The Tax Justice Coalition has asked government to prioritise domestic revenue mobilisation and to cut down on the many tax incentives to individuals and companies to raise enough money for development.
The group said the many tax incentives and abuses by corporate organisations had led to a significant shortfall in tax revenue, necessitating government to borrow to finance its development agenda.
In a statement to commemorate this year’s Global Tax Week, Mr Bernard Anaba, the coordinator of the civil society group, said the government had lost billions of cedis because of tax incentives and tax abuses by corporations and wealthy individuals.
He said these monies could have been used to strengthen public services delivery, improve access to health, water and sanitation, decent housing and transportation.
Mr Anaba urged the government to embark on progressive reforms that tax large incomes, assets, and wealth more, introduce a digital services tax, and end bilateral tax treaties, which do not enure to the country’s benefit.
The Tax Justice Coalition also called for policies to promote domestic and regional tax transparency measures to identify and curb illicit financial flows by promoting country-by-country reporting for multinational corporations and public registers of beneficial owners of legal entities.
There is also the need for the promotion of exchange of information to ensure that all tax administrations will have access to the needed information to curb international tax evasion and avoidance.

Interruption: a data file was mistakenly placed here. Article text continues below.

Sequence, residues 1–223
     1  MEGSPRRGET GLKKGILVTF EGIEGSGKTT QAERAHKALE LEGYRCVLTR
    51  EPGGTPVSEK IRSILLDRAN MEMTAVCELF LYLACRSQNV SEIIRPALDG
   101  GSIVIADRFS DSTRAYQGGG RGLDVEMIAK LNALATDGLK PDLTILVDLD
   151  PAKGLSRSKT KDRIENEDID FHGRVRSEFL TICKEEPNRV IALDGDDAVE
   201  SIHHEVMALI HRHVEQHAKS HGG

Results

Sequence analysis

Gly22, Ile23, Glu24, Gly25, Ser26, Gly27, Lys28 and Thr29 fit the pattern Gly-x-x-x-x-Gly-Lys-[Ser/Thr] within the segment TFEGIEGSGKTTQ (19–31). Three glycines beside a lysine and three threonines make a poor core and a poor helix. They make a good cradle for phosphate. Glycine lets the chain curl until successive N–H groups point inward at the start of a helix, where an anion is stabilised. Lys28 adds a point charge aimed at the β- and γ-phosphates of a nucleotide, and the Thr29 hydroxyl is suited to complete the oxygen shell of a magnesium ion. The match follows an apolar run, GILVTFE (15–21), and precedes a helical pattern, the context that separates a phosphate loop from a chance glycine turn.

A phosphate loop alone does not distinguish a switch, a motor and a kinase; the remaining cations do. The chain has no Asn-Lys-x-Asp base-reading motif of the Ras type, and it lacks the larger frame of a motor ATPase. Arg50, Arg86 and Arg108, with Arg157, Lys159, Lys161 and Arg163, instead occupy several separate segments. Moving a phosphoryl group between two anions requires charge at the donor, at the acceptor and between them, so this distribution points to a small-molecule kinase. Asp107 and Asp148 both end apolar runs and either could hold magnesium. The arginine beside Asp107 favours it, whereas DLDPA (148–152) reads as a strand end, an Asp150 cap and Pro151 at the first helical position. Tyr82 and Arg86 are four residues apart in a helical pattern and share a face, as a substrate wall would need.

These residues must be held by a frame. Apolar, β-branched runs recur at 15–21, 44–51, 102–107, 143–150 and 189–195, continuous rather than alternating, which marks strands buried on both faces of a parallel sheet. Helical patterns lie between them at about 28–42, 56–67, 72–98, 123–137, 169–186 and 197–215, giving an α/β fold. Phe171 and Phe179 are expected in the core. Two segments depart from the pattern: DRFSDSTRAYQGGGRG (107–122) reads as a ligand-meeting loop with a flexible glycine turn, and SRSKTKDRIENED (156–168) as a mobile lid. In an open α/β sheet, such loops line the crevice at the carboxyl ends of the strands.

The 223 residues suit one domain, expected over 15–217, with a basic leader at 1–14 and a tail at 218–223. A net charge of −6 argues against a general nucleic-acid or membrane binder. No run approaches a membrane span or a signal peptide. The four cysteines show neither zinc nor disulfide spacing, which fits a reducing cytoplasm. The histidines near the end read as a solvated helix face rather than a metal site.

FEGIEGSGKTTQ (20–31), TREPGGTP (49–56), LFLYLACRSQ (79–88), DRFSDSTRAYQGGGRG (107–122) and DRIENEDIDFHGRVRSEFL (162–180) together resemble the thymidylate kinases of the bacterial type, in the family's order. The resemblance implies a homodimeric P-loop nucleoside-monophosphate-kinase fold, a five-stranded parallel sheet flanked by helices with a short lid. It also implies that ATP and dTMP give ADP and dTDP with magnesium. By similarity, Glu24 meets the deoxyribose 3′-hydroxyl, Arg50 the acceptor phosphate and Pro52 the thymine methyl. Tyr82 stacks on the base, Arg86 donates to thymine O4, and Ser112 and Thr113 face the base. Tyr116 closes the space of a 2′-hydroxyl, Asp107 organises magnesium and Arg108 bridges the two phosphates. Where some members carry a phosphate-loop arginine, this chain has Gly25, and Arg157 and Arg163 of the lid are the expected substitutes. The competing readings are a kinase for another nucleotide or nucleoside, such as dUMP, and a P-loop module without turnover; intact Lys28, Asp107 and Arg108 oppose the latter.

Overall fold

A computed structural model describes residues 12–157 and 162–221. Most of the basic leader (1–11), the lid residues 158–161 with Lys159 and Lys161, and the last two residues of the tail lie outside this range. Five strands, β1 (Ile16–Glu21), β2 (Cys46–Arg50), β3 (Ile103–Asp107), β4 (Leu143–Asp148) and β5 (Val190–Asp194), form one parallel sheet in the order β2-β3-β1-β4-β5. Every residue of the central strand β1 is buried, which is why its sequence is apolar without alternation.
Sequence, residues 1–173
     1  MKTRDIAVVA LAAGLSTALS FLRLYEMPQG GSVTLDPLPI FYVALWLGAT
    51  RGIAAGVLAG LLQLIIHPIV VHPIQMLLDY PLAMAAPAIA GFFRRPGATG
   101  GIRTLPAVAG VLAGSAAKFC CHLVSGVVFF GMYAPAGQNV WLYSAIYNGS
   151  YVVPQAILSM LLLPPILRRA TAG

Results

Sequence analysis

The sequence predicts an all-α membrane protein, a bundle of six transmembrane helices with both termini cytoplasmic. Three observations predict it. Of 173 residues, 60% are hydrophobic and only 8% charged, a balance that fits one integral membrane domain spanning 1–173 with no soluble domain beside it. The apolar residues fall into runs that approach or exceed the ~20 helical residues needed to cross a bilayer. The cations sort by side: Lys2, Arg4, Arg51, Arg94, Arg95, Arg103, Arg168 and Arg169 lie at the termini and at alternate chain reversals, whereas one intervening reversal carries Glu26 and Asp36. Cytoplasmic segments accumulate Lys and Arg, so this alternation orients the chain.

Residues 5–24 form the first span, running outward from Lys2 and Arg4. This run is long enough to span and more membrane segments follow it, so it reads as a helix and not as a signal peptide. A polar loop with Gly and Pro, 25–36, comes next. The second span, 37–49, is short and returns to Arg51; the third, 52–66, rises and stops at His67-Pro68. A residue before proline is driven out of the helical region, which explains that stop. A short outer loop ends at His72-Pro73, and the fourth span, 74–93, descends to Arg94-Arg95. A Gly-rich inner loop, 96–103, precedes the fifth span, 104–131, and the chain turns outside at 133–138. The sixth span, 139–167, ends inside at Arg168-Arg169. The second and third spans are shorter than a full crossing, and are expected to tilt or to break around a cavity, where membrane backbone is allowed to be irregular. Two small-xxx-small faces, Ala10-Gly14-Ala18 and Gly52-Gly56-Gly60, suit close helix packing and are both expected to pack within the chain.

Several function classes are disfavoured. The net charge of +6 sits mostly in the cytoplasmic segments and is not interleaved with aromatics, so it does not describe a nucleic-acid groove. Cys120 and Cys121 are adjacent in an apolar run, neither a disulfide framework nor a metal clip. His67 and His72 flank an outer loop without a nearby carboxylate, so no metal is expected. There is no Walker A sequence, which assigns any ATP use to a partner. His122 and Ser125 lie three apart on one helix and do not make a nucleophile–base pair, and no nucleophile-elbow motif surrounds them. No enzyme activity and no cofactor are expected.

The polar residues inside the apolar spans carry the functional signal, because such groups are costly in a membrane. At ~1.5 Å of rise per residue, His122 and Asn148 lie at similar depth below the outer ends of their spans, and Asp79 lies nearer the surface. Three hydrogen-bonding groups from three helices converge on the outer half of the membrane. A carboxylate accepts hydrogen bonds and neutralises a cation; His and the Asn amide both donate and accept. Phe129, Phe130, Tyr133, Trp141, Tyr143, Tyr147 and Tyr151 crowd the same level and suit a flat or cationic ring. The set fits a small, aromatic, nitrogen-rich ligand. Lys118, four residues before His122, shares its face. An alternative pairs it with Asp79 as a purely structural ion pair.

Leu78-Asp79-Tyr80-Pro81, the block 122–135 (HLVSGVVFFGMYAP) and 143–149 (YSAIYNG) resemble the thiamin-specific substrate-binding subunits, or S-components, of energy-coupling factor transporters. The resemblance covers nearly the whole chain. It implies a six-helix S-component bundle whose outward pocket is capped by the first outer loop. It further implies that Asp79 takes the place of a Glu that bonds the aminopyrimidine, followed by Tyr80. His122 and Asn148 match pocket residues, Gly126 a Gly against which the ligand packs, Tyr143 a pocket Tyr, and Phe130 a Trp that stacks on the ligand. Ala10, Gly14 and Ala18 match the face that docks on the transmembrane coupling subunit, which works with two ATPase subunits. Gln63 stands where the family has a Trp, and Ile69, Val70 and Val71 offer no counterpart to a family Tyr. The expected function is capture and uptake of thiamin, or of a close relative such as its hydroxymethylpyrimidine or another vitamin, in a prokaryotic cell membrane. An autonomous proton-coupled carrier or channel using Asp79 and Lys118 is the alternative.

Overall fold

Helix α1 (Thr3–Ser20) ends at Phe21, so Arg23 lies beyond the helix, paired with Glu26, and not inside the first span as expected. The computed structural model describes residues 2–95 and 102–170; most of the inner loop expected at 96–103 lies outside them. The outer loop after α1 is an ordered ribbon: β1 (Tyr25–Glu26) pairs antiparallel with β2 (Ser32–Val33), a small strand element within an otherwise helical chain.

It also strengthens the fight against harmful tax practices which facilitate transfer mispricing, tax avoidance and illicit financial flows, including wasteful tax incentives, offshore financial services and harmful tax treaties.
“The COVlD-l9 pandemic has underscored the role of states in the national economy and the provision of public goods and services for the welfare of their people. This has often been dismissed by the neoliberal agenda,” Mr Anaba said.
He said the pandemic presented an opportunity to push for systemic changes and to create alternatives to the current neoliberal development model that values people and planet over profit and greed.
“It creates an opportunity to reimagine a global economy and international financial architecture that is anchored on social justice and substantive equality, which is not possible without tax justice,” Mr Anaba said.
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